Great Britain

Grayson Perry: ‘As we come blinking into the light, leave a space in your life to make art’

We are often told that the arts are good for us: they improve our mental health; help us to empathise with different people; they entertain, educate, soothe and enthuse us; they make us better citizens. But who gets the most out of the arts? Is it the “creative industries”, the army of cultural workers who help make all the glory happen? Is it the academics who study, interpret, assess and talk about it? It must be the audience visiting the galleries, theatres and concert halls, mustn’t it? The arts are for them, surely?

I have long argued that the people who get the most out of the arts are the ones who make them. Be it visual art, music, drama, literature, dance, moving image or comedy, making art gives us a place to distil our human experience. I am best known for visual art and TV, but have worked in all the aforementioned genres. I have participated with inept amateurism and sat at the top of the professional tree, and everything in between. I have shed tears of joy creating all of them, too.

In lockdown, we have been made to think about what is important to us, and we have had a lot of time to do it. What better recipe for making art can there be? What we found when making Grayson’s Art Club for Channel 4 was a huge outpouring of creativity: every week, thousands of people from every background sending us their artworks. As we come blinking out into the light, now is the time to leave a space in our lives to make art, whether we join a choir, a writing group, a quilting bee, a dance class, set up a studio in the shed or make funny videos on our phones. Make a little nest for your feelings about being alive, nurture them that they may fledge and fly.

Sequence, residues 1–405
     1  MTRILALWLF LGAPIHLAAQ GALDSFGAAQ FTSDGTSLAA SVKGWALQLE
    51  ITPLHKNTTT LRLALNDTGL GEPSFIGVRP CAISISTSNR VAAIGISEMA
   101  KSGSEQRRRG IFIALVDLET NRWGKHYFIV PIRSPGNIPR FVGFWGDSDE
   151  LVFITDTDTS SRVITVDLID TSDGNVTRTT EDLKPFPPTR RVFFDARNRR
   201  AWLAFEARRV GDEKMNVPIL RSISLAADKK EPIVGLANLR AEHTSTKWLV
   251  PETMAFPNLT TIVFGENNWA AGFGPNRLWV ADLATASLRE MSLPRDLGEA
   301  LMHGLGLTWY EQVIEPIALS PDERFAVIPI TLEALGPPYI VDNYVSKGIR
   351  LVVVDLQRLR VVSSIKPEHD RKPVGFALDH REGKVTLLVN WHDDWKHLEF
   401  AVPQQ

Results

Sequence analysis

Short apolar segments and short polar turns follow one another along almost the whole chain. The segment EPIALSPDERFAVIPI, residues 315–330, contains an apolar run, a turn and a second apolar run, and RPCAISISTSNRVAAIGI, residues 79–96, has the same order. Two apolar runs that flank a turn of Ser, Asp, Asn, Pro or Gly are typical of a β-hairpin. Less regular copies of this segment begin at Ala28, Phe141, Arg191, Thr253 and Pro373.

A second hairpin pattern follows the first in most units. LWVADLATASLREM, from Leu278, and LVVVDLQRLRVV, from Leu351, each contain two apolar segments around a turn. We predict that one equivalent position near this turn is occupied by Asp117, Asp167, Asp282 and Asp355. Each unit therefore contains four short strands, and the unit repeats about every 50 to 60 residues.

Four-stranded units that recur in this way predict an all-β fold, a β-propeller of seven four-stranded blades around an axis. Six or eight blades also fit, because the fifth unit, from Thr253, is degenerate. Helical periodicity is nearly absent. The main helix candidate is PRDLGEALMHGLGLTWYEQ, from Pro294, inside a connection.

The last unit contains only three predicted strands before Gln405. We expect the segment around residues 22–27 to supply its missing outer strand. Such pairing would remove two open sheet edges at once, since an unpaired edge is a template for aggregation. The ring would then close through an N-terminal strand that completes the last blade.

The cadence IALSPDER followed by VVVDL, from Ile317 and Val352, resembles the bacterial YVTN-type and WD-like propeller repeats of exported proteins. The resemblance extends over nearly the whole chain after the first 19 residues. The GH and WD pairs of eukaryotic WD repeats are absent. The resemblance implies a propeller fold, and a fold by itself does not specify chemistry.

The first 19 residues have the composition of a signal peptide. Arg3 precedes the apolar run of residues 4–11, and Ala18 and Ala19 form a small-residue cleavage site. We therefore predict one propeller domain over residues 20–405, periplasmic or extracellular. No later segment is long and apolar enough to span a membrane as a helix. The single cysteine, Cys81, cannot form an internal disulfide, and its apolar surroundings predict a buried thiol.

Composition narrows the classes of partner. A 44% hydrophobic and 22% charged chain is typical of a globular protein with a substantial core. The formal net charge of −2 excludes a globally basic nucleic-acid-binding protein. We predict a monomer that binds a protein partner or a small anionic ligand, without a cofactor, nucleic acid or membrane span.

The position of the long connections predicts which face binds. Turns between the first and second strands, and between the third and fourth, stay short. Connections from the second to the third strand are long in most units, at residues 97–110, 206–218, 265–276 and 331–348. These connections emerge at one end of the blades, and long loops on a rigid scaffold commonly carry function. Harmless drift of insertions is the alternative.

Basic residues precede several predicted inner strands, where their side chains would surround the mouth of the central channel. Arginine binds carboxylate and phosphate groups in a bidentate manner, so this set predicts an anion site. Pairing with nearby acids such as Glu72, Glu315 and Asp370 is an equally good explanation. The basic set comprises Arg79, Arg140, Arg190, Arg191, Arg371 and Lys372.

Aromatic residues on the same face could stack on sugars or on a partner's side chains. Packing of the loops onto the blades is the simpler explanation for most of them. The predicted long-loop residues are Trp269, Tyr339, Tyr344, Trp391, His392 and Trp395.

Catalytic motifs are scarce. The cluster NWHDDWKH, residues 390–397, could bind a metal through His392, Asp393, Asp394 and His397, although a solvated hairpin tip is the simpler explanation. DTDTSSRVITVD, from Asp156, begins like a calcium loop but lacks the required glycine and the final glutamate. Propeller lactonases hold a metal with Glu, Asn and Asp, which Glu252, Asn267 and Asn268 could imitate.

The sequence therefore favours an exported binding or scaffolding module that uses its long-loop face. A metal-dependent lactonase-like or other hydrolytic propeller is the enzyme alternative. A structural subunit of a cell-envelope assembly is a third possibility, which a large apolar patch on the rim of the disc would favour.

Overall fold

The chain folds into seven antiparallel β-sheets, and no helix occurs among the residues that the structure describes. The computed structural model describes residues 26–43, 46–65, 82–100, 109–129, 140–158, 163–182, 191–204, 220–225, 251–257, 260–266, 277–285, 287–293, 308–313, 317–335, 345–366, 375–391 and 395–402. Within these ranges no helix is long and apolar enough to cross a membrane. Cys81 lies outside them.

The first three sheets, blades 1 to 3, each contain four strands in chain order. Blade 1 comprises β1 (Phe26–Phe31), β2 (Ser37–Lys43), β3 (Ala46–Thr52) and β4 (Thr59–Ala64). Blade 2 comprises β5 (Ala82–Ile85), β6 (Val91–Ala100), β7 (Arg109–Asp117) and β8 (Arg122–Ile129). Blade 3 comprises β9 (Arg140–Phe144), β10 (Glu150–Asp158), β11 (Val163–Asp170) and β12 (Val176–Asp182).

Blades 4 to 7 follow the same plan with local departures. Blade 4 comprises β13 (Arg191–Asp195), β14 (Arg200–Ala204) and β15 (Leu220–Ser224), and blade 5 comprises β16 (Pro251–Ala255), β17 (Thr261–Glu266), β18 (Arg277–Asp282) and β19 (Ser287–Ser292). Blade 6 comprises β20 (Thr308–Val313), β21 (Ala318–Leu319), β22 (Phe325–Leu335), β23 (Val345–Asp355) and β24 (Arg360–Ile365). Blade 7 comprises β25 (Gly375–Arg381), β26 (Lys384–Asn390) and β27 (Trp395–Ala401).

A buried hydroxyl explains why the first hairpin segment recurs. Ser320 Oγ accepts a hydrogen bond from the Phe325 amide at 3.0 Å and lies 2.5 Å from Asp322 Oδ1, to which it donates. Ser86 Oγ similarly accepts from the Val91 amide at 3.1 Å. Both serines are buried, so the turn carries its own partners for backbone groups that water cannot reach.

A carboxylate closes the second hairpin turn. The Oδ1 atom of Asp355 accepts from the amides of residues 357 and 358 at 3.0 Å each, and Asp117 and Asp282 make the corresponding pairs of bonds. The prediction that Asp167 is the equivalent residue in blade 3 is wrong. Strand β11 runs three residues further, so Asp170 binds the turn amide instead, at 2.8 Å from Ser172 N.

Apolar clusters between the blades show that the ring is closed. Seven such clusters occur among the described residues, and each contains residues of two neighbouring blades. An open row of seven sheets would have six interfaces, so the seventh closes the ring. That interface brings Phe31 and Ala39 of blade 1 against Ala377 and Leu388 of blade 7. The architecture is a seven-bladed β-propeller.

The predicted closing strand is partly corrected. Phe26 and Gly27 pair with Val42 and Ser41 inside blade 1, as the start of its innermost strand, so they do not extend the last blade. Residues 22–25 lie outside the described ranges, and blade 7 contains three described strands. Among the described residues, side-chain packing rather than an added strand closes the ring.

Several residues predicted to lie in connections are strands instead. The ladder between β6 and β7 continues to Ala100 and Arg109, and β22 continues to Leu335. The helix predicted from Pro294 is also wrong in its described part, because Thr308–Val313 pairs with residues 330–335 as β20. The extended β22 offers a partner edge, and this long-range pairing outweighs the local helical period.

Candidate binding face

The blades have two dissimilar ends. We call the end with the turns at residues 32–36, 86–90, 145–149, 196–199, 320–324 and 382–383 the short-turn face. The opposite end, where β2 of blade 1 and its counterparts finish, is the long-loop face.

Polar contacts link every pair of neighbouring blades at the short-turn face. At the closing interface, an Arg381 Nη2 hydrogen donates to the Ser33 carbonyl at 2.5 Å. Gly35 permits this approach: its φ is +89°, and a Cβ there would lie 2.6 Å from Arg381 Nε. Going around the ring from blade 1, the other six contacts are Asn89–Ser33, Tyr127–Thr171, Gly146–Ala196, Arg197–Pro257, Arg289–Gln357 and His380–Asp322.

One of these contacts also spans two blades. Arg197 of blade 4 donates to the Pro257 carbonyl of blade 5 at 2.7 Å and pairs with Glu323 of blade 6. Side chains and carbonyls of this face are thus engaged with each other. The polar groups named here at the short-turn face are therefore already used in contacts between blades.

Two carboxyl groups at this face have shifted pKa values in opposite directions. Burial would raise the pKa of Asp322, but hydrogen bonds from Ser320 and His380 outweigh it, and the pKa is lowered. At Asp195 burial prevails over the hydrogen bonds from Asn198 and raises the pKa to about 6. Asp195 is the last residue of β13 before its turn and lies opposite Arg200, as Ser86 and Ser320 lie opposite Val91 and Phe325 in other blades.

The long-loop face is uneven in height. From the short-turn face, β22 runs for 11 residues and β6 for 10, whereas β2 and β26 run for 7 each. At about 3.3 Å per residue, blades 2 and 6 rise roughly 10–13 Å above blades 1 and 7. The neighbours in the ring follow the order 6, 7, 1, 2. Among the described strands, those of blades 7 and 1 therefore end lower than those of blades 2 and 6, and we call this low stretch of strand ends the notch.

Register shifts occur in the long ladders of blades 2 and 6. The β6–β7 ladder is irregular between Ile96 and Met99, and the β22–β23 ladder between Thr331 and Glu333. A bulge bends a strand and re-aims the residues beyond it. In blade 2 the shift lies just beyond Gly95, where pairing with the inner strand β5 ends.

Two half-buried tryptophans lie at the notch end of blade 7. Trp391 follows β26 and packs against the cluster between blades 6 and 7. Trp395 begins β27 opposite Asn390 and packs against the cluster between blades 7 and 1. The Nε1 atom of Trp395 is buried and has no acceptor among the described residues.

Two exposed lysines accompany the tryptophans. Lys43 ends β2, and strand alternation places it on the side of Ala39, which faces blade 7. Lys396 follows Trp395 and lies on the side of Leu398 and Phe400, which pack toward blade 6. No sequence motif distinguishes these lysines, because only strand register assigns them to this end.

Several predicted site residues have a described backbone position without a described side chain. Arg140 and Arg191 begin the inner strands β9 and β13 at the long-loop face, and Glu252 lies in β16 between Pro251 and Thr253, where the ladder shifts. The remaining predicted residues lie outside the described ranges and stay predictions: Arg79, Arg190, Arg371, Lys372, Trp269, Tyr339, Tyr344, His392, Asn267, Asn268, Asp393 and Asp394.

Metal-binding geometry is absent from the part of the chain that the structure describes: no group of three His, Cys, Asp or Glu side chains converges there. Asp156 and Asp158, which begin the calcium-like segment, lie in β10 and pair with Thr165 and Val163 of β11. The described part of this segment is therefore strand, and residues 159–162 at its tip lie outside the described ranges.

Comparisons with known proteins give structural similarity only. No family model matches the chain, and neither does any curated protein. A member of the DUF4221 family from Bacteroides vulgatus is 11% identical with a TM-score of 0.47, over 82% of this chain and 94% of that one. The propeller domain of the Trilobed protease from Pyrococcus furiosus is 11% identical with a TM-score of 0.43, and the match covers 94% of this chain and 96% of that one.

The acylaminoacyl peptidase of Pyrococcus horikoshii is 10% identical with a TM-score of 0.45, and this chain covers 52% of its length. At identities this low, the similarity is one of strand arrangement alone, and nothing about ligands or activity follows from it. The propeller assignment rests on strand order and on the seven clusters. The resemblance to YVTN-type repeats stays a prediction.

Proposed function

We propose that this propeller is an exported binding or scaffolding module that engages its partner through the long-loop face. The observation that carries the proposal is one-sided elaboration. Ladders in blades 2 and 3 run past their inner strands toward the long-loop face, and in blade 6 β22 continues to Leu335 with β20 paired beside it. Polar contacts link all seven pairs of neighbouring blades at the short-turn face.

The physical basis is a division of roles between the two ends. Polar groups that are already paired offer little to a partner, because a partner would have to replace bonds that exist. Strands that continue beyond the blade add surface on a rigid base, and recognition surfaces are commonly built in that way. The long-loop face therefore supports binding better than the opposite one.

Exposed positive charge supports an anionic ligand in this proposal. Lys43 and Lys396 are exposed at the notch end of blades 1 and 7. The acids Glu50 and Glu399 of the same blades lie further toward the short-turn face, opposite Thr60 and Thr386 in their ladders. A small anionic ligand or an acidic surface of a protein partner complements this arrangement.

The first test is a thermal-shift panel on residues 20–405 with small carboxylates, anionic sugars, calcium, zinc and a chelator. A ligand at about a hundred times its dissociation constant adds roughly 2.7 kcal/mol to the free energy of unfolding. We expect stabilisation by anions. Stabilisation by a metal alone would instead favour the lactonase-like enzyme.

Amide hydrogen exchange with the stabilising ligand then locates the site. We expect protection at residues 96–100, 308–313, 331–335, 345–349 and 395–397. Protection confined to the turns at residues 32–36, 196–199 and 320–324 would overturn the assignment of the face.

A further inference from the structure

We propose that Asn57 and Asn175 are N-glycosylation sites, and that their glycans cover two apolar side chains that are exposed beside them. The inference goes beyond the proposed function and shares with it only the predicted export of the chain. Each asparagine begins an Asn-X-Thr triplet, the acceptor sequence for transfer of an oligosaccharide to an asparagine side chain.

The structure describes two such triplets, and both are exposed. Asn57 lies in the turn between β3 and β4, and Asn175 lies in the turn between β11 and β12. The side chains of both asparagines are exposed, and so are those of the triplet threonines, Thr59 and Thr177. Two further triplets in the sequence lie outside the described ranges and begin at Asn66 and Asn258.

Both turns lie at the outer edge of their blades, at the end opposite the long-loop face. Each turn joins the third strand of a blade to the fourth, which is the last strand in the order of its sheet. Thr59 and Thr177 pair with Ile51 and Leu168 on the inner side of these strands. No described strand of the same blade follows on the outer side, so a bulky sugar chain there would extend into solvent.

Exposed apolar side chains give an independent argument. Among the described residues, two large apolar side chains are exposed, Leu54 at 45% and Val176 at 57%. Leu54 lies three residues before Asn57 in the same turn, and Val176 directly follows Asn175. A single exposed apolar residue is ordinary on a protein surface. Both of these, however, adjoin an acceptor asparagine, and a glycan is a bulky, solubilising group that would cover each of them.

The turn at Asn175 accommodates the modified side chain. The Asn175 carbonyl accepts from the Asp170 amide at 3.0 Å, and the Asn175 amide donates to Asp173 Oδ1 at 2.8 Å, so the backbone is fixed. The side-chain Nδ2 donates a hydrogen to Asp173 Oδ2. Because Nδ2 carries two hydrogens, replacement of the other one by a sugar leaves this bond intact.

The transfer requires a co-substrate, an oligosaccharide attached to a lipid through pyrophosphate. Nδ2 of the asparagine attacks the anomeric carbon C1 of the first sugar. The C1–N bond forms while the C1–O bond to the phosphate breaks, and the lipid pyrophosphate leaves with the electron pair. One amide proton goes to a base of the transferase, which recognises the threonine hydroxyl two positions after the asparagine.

Most of the infrastructure to support this is in place: there are thousands of groups already set up to share and encourage. The Arts Council could help fund this, and employers could subsidise cultural activity, like a 21st-century equivalent of colliery bands. Any group activity is good for mental health, but making art together is doubly so.

The professional cultural sector will recover from this terrible blow; there is a deep hunger for the cream of human creativity. I feel it is just as important that everyone knows that making art is for them, and that the rewards increase with commitment, as with any relationship. Making art is good for you.

Grayson Perry’s exhibition The MOST Specialest Relationship opens on 15 September at Victoria Miro, London W1

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